A Europe of equals
This fantasy map by Alasdair Gunn redivides the area contained in the European Union into states that would have roughly equal populations. For the sake of further fun, he’s tried to draw the boundaries to correspond to some real historical divisions in a way that gives us a look at some states that might have been. The southern and western shores of Sweden, for example, really were Danish possessions for a considerable period of time. Mainly, though, the map works as a clever illustration of population densities. Lowland, Köln, and Rhineland are all relatively tiny in terms of area but not population, underscoring the very thick settlement pattern in this portion of the continent. As one goes further east, things thin out considerably, and the make-believe countries get larger.
I gathered up a few of images of the Earth and the Moon, taken by various spacecraft through recent and not so recent history. From top to bottom, and in chronological order, they are:
1. An image of Earth and the Moon taken by NASA’s Voyager 1 when it was 11.66 million kilometers from Earth, on 18th of September 1977. This is the first image of its kind ever taken by a spacecraft.
2. This image was taken by the Galileo spacecraft as it flew by, eight days after its encounter with the Earth-Moon system on 16th of December 1992. Image was taken from a distance of about 6.2 million kilometers.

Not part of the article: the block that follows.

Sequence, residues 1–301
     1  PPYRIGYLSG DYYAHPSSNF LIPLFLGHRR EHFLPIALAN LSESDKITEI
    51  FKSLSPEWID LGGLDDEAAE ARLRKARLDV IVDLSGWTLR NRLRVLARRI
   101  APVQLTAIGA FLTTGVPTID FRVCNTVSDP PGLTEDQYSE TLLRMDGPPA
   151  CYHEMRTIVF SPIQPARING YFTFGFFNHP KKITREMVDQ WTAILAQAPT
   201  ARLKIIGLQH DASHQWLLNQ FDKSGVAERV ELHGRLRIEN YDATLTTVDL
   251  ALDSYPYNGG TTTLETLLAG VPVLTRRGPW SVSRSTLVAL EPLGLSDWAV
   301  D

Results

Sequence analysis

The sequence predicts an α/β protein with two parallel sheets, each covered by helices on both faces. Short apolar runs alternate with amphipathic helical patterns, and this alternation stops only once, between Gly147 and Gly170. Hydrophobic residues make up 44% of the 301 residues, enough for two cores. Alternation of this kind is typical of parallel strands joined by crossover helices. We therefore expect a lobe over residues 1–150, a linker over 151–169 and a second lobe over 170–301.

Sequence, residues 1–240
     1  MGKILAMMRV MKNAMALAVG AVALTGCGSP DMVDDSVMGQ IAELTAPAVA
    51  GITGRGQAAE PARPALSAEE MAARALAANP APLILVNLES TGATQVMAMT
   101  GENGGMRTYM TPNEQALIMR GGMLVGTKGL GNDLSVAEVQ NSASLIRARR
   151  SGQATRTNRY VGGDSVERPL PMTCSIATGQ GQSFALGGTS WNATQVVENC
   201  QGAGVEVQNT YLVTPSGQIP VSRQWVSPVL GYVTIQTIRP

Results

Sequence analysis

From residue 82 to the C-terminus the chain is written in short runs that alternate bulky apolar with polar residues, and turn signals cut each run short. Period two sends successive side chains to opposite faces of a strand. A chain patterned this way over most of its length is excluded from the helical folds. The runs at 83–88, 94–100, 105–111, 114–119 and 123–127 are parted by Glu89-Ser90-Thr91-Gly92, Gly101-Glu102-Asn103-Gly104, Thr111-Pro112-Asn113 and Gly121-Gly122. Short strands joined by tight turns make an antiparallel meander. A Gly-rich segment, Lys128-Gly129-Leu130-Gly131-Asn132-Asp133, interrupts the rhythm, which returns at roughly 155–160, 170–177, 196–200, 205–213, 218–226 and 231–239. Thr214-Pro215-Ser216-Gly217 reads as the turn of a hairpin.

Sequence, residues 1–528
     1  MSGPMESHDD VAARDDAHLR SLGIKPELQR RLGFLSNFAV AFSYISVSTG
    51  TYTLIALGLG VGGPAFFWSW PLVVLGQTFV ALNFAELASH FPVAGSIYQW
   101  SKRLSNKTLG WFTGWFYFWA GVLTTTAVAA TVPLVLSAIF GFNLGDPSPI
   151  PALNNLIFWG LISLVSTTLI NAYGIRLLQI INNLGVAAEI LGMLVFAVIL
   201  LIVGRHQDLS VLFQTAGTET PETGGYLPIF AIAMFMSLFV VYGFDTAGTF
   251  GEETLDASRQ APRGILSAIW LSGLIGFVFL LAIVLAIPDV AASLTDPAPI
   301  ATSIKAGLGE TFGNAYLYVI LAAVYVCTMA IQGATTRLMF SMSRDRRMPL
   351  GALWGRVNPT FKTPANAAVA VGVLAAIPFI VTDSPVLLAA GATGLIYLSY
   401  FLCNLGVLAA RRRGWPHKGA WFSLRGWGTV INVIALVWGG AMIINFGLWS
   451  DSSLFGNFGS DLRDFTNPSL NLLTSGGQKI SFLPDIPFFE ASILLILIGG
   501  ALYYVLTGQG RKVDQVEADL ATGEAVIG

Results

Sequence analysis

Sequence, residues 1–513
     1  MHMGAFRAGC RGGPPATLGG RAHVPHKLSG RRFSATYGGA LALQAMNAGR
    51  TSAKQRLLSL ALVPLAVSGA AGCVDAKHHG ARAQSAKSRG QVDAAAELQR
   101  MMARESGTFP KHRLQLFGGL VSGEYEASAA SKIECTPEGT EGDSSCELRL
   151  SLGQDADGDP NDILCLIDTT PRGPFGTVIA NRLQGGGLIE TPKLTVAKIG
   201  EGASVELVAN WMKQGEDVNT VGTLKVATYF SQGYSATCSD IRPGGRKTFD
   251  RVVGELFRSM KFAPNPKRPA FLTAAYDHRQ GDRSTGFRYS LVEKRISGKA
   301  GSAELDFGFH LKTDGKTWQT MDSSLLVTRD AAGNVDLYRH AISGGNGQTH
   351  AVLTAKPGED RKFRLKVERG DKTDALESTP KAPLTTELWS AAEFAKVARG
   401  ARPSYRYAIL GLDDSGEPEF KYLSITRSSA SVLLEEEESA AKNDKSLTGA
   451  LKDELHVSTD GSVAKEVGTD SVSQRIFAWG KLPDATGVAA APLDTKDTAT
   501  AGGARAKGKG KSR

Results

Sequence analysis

3. This image was taken by the NEAR spacecraft as it flew by the Earth-Moon system on 23rd of January 1998, 19 hours after the spacecraft swung by Earth on its way to the asteroid 433 Eros. Taken from 400000km away, approximately the distance between the Earth and the Moon.
4. An image of Earth and the Moon (3rd of October 2007) taken from Martian orbit by “The High Resolution Imaging Science Experiment” (HiRISE) camera on NASA’s Mars Reconnaissance Orbiter.
Keep in mind that the distance between the Earth and the Moon is much larger than it appears on those pictures. The reason the Moon appears so large is due to perspective.
The Arcadian Ideal… turned 2 today!
“Astronomers know that the Milky Way is parked within the Local Group of galaxies, an interstellar expanse extending 3 million light years across. But we know very little about the area just outside of this. A new map corrects this oversight, showing that we live among the ‘Council of Giants’.”
See and learn more at io9.
Look… we are back to center of the universe theory!